4 strategies for coping with grief and your mental health at work after coming back from the holidays
- Vivian Nunez is a NYC-based writer, public speaker, and content creator. She is the founder of Too Damn Young, an online community and resource site for grieving young adults. She also hosts the podcast, "What Happened After?"
- For many, especially those who have dealt with grief, the holidays can be a difficult time. And one component of that is returning to work after what many see as a time of celebration.
- Create responses ahead of time to generic holiday questions, think about what level of information you want to share with others, and commit to a coping mechanism.
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While for some the holidays wrap with the drop of the ball on New Year's Eve, there's an informal - but large - community of people who navigate the first few weeks of the year differently.
Whether you're a caregiver, navigating your own mental health, or working through complex family dynamics that span year round, the holiday season can be a difficult time - and the drop of the ball doesn't stop it from being complicated. But you're prepared because those same tactics you use to brace yourself at every other time in the year can be the same ones you lean on during those first few weeks in January. You just need to remind yourself they're in your toolkit.
I know because it's what I do.
After my mom's passing 17 years ago, I grew up alongside grief and the different ways to navigate it. Along the way - and with my own mental health struggles with anxiety and depression under my belt - it became apparent that the only way I was going to get through the beginning of January was with a mapped out plan.
Expect the questions
Expect questions from anyone and everyone, even those who know the particulars of what you're carrying. Questions are as baked into our holiday vernacular as presents, so anticipating them will take the sting out of having to navigate the anxiety at work.
Jotting down the most generic questions or the most common assumptions gives you a starting point for crafting responses at your comfort level. Those same answers will remind you that you have the power to direct the conversation wherever you want it to go. Having canned responses has made it easier for me to remember that, even when presented with that level of anxiety, I can still direct the conversation where I want it to go. The power rests with me, and I don't have to share more than what I'm comfortable with.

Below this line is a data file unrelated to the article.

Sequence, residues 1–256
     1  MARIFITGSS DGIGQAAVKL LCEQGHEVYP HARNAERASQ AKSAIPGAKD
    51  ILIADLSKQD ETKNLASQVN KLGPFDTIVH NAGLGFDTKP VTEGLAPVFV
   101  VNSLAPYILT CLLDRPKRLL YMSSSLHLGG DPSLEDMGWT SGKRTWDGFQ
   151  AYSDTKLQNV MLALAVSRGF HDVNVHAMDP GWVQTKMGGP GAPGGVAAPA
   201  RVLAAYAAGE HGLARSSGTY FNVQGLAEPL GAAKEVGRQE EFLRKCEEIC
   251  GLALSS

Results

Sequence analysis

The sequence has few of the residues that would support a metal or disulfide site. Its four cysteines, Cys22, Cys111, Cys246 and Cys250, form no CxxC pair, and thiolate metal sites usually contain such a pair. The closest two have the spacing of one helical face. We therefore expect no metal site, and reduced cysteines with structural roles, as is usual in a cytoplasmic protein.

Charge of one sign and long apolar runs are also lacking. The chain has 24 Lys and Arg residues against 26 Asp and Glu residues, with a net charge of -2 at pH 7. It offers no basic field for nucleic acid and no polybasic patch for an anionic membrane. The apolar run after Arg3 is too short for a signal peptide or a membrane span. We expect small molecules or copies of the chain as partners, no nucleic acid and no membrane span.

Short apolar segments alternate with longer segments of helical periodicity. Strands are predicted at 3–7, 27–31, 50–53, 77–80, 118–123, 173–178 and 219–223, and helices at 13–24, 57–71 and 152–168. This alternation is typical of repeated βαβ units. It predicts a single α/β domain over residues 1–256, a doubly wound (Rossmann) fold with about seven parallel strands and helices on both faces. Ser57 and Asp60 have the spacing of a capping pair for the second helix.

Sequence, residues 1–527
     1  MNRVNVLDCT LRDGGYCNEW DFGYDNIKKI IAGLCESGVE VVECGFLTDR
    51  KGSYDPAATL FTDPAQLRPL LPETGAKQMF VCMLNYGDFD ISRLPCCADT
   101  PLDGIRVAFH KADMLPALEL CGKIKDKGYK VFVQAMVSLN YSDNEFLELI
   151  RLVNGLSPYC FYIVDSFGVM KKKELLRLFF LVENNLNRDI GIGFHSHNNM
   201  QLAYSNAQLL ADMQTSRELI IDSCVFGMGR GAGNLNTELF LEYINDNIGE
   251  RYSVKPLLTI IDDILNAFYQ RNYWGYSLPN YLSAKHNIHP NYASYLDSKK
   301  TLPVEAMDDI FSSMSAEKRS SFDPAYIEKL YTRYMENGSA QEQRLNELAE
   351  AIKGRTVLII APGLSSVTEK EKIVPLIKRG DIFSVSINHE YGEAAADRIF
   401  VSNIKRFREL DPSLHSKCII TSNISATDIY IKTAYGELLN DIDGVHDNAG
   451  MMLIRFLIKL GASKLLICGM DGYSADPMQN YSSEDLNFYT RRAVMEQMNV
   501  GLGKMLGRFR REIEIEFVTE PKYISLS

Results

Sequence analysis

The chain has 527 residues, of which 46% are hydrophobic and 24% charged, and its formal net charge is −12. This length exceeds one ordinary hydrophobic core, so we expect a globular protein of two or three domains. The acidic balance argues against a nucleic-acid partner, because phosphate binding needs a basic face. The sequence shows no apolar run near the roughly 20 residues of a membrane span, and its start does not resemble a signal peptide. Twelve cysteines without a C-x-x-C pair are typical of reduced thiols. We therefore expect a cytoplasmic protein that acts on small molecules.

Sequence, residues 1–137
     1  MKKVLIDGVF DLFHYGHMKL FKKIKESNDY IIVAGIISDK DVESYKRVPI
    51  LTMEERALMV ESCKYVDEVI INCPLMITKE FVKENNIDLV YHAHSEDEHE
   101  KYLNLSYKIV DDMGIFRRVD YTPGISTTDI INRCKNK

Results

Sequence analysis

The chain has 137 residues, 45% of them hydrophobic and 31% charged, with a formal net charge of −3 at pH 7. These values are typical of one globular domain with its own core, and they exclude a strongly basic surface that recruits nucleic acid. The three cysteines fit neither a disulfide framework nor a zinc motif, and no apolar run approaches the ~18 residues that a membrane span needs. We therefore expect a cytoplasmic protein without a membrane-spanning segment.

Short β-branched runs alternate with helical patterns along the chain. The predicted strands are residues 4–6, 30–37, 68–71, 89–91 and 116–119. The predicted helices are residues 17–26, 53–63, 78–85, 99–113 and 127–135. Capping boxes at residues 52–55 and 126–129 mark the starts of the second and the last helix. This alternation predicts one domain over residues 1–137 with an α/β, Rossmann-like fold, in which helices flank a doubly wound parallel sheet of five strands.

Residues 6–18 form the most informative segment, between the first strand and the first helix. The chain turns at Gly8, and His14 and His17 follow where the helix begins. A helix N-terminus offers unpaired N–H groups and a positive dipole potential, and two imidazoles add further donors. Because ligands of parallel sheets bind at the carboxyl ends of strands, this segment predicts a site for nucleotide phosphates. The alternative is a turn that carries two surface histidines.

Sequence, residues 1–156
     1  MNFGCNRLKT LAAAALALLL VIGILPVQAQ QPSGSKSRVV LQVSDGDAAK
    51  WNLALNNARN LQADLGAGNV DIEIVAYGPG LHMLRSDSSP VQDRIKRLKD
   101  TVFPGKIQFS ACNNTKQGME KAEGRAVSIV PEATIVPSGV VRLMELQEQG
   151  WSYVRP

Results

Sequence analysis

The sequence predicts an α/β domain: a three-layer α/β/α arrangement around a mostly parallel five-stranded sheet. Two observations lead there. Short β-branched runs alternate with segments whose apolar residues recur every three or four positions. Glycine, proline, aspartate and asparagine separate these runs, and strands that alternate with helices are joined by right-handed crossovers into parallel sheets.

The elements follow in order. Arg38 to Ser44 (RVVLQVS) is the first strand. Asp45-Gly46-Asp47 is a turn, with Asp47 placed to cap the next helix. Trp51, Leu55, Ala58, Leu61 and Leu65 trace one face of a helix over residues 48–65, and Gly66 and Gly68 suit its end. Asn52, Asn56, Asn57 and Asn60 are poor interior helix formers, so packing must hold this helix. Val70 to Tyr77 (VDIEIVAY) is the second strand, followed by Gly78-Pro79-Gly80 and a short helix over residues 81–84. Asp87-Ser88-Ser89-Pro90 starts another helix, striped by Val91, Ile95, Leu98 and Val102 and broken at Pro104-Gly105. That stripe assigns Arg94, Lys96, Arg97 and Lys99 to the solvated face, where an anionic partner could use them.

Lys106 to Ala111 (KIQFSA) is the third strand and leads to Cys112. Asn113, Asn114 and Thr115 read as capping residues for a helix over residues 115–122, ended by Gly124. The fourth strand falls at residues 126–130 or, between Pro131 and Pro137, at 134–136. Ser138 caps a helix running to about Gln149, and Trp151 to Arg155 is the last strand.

Some common questions or comments I've gotten include, "How were your holidays?", "I'm sure you had a great time!", or "Hope you had an amazing holiday season!" Seeing these for what they are - common phrases - helps me feel less ashamed of what they sometimes feel like: reminders that my holidays are different than the norm.
Assess the audience
When it comes to sharing all you may be navigating, you get to decide with whom and how - and that decision doesn't stop being yours when at work.
While it may feel trickier when a coworker asks, doing some personal homework beforehand can help make the decision to share a bit easier. Brainstorm the different friendship and coworker dynamics you have at work: Who would you consider a personal friend versus who is someone you just have a work relationship with? The answers to those questions will help you decide who deserves an honest version of your holiday or mental health, and whom you are okay giving a short, vague answer to.
Work, like the rest of your life, is made up of different pockets of people who warrant different levels of trust. Holding yourself to those boundaries doesn't make you a bad person. Personally, making sure that I understand whom I'm comfortable (and not comfortable) sharing with has made me feel more safe and confident when I do decide to share openly about my grief and mental health.
Look for support
I have been going to therapy for the last six years and it's been the training ground for figuring out what's in my toolkit, what's missing, and how to build connections with myself and others. I belong to a few different communities given that I lost my mom and grandma at different pivotal stages of my life, and that, as a 21-year-old, before my grandmother's passing, I served as her primary caretaker.
Identifying these pockets I belong to has made sure that the help and support I needed even after their passing was baked into my everyday life. Whether therapy, an ERG at work, or other community touchpoints feel more comforting to you, seeking these resources out can be pivotal in helping you balance reintegration to work and minimizing the guilt you may feel for having a different lived experience than others. For instance, for the 10 million millennials who are caregivers in the US today, these support networks can be very helpful for the realities that will still be present throughout the year.
Commit to a healthy coping mechanism
I'm a huge proponent of taking your personal growth and mental well-being into your own hands, but sometimes the thing you have to do is not think about any of it.
Give yourself some time and space this week to ignore everyone's questions about the past holidays and think about your future year. Focus on how to carve out some time for yourself, even if it's just a handful of minutes of quiet in your own bathroom, and what you will do with that time.
Committing to therapy, yoga, and learning to cook won't eradicate my depression, but they're just a couple of more tools I can lean on whenever an episode pops up.
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